A sense of peace, however, proved more elusive than Verghese could have ever imagined. Instead, because of the wholly unexpected presence of a considerable number of AIDS cases in this town of fifty thousand—“a hundredfold more cases than the CDC would have predicted”—he became, by virtue of his specialization in infectious diseases, the area’s AIDS expert. At first called upon merely to give interviews to the local paper and lecture on safe sex at the area’s only gay bar, he had no AIDS patients until a year after his return to Tennessee. Then a former coworker, Essie Vines, asked him to examine her brother Gordon. Like many rural gays, Gordon had left his small town at the first opportunity, seeking the more accepting atmosphere of big-city life, only to return home to die of AIDS. Gordon’s plight, and his family’s compassionate and courageous reaction to it, drew Verghese inexorably into the emotionally charged world of AIDS.
After Gordon, AIDS patients began seeking out Verghese with increasing frequency, running the gamut from “Tennessee queens” to pillars of the community. Many managed to fashion courage, dignity, and humanity from the most desperate circumstances and leave an indelible impression on both Abraham Verghese and the reader: Ed Maupin and Bobby Keller, a diesel truck mechanic and a boutique salesclerk who had been having sex together since they were seven years old; “good old boy” Clyde McCray, who contracted the disease from a friend of his parents who seduced him as a child; Clyde’s wife Vickie, who, although HIV-positive herself, lovingly cared for the husband who infected her and in the process became active in AIDS organizations, making new friends and gaining self-respect; Norman Sanger, a hemophiliac who had already suffered a lifetime of horrifying health problems and was determined to face his final battle with courage and dignity; Will Johnson, a devout Christian and successful businessman, infected from a massive blood transfusion during heart surgery, and his wife, Bess, both of them fighting valiantly to keep their condition secret from their family and community.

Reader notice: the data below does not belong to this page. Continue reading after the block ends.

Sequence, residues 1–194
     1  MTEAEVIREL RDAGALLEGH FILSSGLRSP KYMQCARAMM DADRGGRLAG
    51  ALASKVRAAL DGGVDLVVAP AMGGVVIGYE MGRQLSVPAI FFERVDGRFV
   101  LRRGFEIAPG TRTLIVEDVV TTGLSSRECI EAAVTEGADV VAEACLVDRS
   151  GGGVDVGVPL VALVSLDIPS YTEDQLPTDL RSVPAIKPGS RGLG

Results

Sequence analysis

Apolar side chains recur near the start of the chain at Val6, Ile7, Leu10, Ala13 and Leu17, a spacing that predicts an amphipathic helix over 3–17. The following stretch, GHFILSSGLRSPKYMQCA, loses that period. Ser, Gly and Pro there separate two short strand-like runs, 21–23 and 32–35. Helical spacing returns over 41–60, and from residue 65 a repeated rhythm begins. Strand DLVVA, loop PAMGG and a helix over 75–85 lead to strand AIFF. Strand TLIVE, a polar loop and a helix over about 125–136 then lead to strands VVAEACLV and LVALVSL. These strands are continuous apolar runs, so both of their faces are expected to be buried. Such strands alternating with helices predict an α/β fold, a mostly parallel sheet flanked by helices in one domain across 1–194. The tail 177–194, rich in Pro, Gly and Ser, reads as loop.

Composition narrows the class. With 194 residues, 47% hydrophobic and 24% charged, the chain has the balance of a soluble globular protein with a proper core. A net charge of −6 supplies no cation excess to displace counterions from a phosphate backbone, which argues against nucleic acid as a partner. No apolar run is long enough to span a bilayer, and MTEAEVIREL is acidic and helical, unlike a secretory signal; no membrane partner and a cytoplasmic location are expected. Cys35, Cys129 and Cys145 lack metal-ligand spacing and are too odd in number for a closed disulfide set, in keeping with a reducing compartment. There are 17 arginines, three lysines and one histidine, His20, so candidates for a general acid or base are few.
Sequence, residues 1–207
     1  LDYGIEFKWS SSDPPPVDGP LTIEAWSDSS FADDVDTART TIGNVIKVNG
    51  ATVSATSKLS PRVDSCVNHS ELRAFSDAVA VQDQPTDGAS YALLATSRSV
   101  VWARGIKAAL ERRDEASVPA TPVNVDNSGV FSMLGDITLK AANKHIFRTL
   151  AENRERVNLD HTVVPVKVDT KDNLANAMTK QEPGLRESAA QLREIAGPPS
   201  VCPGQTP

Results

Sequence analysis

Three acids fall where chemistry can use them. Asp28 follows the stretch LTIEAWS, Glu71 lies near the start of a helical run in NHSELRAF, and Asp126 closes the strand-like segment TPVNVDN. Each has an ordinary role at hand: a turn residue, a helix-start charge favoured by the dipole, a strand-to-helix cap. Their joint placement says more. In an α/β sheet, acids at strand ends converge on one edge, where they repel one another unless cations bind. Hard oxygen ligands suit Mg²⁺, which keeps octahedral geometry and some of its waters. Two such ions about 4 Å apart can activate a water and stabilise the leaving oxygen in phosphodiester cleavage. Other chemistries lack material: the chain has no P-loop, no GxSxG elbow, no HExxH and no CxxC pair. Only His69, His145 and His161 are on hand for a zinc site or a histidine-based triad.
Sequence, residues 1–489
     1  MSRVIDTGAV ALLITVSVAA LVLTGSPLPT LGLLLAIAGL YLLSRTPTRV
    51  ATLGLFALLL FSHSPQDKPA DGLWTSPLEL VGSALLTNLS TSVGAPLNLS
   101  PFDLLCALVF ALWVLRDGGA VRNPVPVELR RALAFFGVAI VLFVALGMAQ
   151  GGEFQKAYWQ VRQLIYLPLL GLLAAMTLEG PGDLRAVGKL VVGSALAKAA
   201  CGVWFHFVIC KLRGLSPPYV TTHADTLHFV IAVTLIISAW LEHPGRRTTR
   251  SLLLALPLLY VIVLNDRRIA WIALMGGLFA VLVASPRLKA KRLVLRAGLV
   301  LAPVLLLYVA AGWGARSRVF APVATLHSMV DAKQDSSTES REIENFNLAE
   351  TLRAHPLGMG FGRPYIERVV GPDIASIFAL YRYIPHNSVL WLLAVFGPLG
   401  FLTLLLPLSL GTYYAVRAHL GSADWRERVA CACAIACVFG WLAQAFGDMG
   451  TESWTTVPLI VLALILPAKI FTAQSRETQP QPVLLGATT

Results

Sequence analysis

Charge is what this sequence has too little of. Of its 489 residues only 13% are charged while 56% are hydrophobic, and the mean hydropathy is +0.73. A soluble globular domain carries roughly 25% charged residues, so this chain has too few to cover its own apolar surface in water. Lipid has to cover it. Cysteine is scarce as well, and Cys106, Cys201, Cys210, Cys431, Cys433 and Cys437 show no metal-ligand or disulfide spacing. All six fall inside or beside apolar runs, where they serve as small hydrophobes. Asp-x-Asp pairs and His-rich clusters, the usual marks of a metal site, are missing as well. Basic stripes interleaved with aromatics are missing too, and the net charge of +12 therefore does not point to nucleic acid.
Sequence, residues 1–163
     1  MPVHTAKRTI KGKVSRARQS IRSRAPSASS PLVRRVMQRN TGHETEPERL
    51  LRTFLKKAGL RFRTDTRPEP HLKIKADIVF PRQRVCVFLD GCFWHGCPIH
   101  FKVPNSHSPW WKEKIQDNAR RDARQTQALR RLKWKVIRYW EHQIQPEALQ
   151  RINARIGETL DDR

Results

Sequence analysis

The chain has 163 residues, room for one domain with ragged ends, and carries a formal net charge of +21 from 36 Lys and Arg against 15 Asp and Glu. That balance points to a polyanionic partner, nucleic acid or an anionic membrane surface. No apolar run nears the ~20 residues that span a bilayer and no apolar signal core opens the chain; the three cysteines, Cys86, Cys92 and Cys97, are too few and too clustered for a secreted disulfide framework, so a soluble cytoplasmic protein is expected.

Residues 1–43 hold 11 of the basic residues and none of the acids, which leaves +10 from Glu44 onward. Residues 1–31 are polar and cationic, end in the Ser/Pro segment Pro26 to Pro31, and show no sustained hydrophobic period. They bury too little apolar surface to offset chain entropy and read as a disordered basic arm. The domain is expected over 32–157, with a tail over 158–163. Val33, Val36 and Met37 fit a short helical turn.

As these patients struggled to come to terms with their disease, their doctor underwent his own odyssey. Acutely aware of the parallels between his own status as a “foreigner” and that of his gay patients, he gained insight into the plight of gays in “straight” society, particularly in a place such as rural Tennessee. Verghese realized that being an outsider probably made him more accessible to his patients, so that they confided in him more than in one of their own: “More than once I had the sense that a patient was opening up to me for this very reason, because of my foreignness.”
Verghese’s foreignness was made even more acute, however, by his association with AIDS, which alienated him from other doctors, his friends, and even his own wife and family. The intensity of living so close to death on a daily basis and the constant fear of being infected himself created a distance from his family. His marriage began to fall apart, as he could not bridge the growing gap between his world and that of his wife: “I seemed to be living in a separate world which those who had not been touched by the disease could not enter. I felt alone at my own table, alone and unclean.”